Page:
Hume’s Turkey: A Tale of Thanksgiving.

Like most turkeys, Hume's turkey lives on a farm. From this turkey's perspective life is good. Of course, there are bad days: the weather might turn cold, the older turkeys might box him out from the best seed and grass, a fox might get into the coupe. Life is good because of the farmer. The farmer loves his turkeys.

The farmer keeps the coup, which protects the turkey from the weather. The farmer defends the turkey from the fox. The farmer makes sure the turkey gets enough to eat. The turkey is happy because the farmer loves him.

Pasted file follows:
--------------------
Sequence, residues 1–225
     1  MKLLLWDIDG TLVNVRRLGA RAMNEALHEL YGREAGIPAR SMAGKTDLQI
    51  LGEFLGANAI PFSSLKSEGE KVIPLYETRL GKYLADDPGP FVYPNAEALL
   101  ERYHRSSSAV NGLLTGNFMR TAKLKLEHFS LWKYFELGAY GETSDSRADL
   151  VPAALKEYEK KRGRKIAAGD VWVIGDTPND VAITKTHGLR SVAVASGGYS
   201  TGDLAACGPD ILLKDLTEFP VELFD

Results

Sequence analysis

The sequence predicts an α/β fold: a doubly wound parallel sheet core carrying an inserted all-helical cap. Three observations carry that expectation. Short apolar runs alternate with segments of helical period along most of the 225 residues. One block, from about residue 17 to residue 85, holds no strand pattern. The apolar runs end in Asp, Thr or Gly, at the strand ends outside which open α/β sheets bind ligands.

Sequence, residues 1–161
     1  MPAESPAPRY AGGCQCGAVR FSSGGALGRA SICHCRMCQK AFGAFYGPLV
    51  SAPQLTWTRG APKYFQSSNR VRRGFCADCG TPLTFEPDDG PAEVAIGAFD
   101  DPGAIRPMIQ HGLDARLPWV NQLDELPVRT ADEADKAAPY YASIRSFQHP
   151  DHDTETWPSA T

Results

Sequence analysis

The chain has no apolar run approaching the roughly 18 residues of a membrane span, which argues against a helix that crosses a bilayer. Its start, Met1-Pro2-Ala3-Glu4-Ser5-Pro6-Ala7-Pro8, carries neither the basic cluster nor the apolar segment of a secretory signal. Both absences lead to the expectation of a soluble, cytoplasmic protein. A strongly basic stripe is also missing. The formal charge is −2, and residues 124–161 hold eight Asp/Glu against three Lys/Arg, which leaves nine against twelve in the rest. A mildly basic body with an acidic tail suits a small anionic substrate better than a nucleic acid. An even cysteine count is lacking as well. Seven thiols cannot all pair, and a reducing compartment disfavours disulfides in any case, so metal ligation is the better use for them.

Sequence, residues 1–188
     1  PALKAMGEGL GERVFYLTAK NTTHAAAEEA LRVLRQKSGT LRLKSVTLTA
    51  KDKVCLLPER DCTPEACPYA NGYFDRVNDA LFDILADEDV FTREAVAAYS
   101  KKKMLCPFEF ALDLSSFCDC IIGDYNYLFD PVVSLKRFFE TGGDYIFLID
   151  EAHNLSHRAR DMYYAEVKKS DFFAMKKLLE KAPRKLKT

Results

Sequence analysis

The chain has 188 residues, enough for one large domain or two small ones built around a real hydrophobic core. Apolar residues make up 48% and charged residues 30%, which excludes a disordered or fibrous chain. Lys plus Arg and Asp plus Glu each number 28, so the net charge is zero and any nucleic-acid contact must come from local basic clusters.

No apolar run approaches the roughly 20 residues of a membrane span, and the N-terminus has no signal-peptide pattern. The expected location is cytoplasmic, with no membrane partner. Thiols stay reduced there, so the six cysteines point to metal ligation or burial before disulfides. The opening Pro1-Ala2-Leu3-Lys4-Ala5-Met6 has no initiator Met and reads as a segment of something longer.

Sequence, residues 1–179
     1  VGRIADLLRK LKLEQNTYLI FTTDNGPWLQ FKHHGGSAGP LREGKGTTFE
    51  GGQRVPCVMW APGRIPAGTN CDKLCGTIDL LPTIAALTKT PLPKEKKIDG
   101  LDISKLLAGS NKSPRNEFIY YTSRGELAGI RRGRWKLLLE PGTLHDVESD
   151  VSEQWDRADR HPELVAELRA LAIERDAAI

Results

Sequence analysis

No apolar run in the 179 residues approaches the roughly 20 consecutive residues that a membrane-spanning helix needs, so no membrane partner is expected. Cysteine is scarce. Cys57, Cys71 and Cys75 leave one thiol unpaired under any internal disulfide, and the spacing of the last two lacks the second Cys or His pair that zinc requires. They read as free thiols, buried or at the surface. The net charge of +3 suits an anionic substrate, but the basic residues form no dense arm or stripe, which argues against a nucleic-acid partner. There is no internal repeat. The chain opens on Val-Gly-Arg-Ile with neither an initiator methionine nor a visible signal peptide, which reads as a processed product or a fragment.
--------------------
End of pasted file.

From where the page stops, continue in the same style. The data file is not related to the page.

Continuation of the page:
The turkey lives his life, without concern for the future. The turkey has no way of knowing, based on experience, that he will soon be dinner.

We put ourselves at risk when looking to the past as a predictor of what will be. That is the problem with knowledge gained from induction, that is the turkey's dilemma. 

Bertrand Russell is credited with the idea of the turkey's dillema in highlighting the holes in David Humes arguments about knowledge gained by induction.

Adapted from The Black Swan, by Nassim Taleb.

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